Last week after I had my yearly appraisal I felt that in 7-8 years’ time I should be managing learning and development in a company or organisation – that is what ‘much better’ looks like and I am formulating a fluid and evolving plan to make that happen.
In my training for the ultra-marathon I am not fixated on my finish time but am starting to look more and more closely at my training to see what ‘much better’ looks like – I currently run and do some core strength workouts. I’m looking at what other training I could be doing to improve my fitness, endurance, stamina, strength, and my mindset as well and am starting to challenge my normal conventional thinking and looking at other options for training as well.
Even entering the ultra-marathon fits into the take risks and challenge convention way of thinking. I’m not placing limits on myself by entering such an event – if I was I’d be content with running 5ks on a Saturday morning or completing another marathon or triathlon. I’ve taken my thinking outside the box by entering the event.
Dear reader I challenge you to look at one small area of your life and think what does ‘much better’ look like and how will it improve you as a person and how might it improve your life?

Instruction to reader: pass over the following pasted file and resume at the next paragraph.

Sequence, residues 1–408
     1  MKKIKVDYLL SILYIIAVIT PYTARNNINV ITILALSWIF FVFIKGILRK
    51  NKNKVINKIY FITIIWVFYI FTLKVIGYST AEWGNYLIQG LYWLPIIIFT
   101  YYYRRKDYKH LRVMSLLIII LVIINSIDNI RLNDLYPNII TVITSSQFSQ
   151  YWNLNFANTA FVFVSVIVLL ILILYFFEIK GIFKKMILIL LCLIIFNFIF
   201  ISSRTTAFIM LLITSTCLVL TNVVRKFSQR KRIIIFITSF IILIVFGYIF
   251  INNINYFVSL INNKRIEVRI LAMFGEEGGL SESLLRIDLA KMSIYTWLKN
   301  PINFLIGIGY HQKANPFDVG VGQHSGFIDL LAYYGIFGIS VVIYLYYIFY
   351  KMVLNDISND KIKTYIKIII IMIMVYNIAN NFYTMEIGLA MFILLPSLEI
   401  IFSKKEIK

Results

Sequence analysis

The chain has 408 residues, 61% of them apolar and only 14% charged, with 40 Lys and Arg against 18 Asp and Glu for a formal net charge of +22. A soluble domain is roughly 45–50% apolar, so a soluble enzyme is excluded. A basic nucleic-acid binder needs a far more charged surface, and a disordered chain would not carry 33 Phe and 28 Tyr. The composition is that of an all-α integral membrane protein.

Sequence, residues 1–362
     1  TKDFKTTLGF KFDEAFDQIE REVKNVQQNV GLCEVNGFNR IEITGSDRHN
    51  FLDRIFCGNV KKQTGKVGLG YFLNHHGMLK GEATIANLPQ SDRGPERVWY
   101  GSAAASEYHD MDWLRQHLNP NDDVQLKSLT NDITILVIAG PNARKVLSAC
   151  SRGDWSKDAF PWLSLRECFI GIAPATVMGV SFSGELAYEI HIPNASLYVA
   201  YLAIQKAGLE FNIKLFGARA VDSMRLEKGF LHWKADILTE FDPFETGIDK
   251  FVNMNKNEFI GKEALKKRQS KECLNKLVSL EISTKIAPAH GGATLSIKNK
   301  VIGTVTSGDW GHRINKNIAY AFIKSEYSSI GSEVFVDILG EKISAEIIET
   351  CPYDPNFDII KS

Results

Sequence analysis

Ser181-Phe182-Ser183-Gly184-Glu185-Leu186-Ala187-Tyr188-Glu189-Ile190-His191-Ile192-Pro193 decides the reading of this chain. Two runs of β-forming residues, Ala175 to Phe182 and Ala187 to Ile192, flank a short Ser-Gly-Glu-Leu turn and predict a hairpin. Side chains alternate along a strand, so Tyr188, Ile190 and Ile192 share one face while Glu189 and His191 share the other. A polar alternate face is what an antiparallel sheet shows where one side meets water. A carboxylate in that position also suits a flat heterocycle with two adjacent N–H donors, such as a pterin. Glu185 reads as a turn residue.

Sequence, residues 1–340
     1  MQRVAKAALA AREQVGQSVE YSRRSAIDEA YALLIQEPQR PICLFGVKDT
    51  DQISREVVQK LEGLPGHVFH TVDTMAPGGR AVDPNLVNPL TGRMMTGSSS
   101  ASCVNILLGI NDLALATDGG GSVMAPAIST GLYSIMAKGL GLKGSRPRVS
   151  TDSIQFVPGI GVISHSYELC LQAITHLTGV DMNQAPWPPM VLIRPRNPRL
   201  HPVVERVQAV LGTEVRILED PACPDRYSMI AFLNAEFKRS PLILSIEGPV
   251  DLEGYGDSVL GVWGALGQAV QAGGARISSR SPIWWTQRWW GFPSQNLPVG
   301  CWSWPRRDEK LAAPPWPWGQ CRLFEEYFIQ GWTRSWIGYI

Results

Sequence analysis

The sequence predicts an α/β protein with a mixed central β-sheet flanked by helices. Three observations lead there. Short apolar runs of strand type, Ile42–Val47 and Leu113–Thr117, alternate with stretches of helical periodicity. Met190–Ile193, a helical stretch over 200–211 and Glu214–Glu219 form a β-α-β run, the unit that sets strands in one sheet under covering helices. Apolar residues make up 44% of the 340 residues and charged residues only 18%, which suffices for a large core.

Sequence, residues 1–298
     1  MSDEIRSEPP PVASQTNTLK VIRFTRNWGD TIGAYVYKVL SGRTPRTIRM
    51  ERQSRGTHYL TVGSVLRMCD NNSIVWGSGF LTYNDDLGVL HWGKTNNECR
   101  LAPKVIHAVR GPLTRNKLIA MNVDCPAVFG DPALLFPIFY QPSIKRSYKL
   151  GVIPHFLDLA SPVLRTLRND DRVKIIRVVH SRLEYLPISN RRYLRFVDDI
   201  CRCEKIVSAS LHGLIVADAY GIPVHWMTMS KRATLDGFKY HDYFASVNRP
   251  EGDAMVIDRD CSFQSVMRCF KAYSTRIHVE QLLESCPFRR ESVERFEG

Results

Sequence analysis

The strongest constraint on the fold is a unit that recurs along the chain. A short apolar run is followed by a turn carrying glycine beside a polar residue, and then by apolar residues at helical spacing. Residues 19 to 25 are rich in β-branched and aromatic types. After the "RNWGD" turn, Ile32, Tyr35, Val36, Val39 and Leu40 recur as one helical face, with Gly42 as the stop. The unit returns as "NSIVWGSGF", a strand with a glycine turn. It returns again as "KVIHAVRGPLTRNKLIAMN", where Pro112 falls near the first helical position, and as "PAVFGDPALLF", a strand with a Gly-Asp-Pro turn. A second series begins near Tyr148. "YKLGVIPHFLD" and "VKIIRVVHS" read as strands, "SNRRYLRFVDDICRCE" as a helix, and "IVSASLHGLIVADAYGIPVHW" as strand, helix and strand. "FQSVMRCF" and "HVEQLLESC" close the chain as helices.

Another aspect of my life I had to take a long hard look at last week was whether I was happy going out dating – the dates were ok, decent conversation but it felt like something was missing and there was something niggling in the back of my mind both times.
I’ve always vowed never to go out with someone again if I’d split up with them. This evening I’m breaking my golden rule and am going out with the person I split up with last year.
I’ve no idea what will happen. It seems like a good idea as we still care a lot about each other and still have strong feelings for each other. It didn’t work out last time but that doesn’t mean it won’t this time – we have both developed in our own ways and hopefully that will make a huge difference this time around – I don’t know. Rather than having that niggling in the back of my mind I’ll take a risk and challenge my usual conventional way of thinking.
No matter what the outcome is at least I’ve not sat back, shied away and been left asking those ‘what if’ questions which I was always prone to do in the past. Maybe it was a lack of confidence that made me do that all the time or maybe it was being very rigid with my rules and not willing to step out of my comfort zone.